Bill Gates' vision for investment firms is coming alive in 2020. Source: Shutterstock

Bill Gates’ vision for investment firms is coming alive in 2020. Source: Shutterstock

Fintech companies prove Gates’ point: Banking is necessary, banks are not

AUTOMATED teller machines (ATMs) made a debut more than five decades ago. They didn’t make bank tellers redundant, but significantly reduced the number of times a customer met with a bank teller.

In 1994, Microsoft Founder Bill Gates made the statement: “Banking is necessary, banks are not” — and innovations in the banking and financial services space since the arrival of the ATM have proved that Gates was right.

Today, one of the most exciting innovations is the automated investment engine, better known as the “robo-advisor”, which has provided retail investors with access to personalized advice, in a transparent manner.

Given the success of robo-advisors since their initial launch in the late 2000’s, it seems as though banks definitely need to think long and hard about the value they provide, at least to retail customers.

To better understand how technology is enabling new-age, digital-first and digital-only companies bet against banks and win customers over, Tech Wire Asia spoke to StashAway Malaysia Country Manager Wai Ken Wong.

“Tomorrow, a person could go through life not having to meet a financial planner, insurance agent or banker, as everyday banking, investments, and insurance are digitized.”

According to Wong, robo-advisory platforms like StashAway are gaining mass attention because they make life better — for customers as well as regulators.

“Technology provides an exciting opportunity for regulators to efficiently protect more and more investors while at the same time allowing for the industry to innovate.

As e-KYC technology matures, for example, robo-advisors will be able to effectively screen customers so that regulators can ensure compliance with anti-money laundering (AML) and counter-terrorism financing laws.

Technology also enables robo-advisory platforms — and regulators, by extension — to monitor customer’s flow of funds to detect any form of suspicious transactions.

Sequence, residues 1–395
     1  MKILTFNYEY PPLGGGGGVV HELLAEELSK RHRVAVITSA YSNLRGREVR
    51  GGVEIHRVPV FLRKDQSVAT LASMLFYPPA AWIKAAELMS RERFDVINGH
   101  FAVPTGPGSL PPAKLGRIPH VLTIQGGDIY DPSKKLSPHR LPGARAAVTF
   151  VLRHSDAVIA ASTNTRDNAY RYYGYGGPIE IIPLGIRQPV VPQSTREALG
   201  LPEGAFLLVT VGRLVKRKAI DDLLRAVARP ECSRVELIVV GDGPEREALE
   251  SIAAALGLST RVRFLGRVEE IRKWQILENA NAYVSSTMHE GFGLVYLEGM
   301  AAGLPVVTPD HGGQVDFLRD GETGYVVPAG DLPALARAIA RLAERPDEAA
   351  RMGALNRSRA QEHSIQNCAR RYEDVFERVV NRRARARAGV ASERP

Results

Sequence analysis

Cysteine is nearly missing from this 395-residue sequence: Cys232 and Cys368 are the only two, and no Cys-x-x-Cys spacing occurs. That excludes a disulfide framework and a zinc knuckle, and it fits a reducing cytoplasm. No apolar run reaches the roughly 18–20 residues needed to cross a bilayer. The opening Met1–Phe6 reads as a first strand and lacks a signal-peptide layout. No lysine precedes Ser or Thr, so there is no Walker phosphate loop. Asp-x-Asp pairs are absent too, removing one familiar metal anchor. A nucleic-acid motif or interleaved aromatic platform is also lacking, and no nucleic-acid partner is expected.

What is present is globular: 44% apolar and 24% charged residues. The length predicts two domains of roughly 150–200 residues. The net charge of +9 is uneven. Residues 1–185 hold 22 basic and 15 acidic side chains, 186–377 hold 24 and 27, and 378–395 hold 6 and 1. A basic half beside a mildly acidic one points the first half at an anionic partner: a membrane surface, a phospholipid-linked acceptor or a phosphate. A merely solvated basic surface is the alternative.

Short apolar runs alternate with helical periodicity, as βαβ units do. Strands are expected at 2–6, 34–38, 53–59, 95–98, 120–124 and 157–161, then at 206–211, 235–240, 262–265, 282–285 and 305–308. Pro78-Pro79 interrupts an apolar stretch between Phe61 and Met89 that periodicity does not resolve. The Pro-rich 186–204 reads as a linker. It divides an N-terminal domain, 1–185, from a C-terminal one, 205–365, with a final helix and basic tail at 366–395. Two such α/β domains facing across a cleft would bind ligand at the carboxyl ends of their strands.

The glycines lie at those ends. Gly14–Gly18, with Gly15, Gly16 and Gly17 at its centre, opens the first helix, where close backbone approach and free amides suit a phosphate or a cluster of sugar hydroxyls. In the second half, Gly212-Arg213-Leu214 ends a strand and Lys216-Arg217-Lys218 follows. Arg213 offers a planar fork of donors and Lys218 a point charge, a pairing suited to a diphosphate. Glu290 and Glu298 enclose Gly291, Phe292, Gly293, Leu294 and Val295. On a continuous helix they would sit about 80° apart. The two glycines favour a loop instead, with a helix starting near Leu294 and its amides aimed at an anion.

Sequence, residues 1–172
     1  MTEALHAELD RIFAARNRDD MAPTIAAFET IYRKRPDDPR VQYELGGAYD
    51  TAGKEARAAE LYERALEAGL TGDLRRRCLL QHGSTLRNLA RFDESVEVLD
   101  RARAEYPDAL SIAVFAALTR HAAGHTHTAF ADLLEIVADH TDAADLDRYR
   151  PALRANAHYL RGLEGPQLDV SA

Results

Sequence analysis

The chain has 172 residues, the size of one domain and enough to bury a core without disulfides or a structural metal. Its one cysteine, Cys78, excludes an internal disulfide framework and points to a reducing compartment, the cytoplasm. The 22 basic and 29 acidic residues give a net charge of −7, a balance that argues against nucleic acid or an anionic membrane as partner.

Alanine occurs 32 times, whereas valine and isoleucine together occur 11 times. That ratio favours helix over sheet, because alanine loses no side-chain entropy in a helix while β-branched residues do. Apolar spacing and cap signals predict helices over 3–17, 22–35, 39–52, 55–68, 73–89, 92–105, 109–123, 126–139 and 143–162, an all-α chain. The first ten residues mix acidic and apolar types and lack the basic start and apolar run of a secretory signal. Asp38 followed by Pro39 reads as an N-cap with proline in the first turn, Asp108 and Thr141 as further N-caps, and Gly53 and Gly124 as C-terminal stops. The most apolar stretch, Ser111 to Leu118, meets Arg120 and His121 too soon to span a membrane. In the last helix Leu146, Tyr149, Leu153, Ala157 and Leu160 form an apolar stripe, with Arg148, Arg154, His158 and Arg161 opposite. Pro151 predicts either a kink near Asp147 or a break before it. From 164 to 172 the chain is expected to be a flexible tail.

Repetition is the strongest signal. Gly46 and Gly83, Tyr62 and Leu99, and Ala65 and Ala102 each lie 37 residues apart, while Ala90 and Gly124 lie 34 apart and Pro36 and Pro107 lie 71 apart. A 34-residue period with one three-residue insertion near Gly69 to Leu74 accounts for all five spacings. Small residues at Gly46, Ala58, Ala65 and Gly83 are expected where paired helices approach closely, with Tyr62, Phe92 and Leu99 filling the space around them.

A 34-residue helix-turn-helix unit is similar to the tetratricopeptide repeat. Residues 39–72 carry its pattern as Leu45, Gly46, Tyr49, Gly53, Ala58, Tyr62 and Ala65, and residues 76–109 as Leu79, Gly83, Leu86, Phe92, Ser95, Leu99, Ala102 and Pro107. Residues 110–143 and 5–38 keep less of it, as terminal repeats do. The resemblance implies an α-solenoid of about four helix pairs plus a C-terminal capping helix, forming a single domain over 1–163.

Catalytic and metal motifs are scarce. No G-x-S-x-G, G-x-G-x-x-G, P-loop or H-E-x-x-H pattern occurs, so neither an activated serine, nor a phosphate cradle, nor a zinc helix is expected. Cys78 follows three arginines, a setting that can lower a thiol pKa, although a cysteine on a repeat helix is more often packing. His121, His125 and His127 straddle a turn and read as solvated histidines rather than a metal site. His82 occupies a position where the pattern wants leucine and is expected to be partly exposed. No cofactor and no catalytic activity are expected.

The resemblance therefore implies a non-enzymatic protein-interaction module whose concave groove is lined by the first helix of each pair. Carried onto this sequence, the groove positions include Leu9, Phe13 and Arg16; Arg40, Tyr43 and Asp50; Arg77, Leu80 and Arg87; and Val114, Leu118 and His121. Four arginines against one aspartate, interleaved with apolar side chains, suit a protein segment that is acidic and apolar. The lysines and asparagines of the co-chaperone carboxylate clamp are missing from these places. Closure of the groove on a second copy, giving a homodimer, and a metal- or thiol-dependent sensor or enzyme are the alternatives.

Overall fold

For investors, on the other hand, technology brings more than just access to intelligent investment services via convenient platforms.

“The added benefits of entrusting your money with a robo-advisor means you have to pay much less, than you otherwise would if you used a traditional investment vehicle/solution.”

StashAway, for example, only charges up to 0.8 percent per annum in fees, and keeps transaction costs like foreign exchange conversion and ETF expense ratios to minimal levels.

Compared to a traditional unit trust product, customers can save up to five percent in fees per annum, which directly translate into returns.

“A two percent saving in fees over 30 years increases your overall return by approximately 50 percent due to compound interest.”

Truth be told, however, customers are smart — which is why Wong believes that the increased diversity in asset classes being offered to investors and the digitization of the industry will lead to integration or re-bundling of financial services in 2020.

Big or traditional banks might not really be headed to the grave, but the competition is definitely getting stiffer and customers are demanding smarter, more convenient, and more transparent products and services.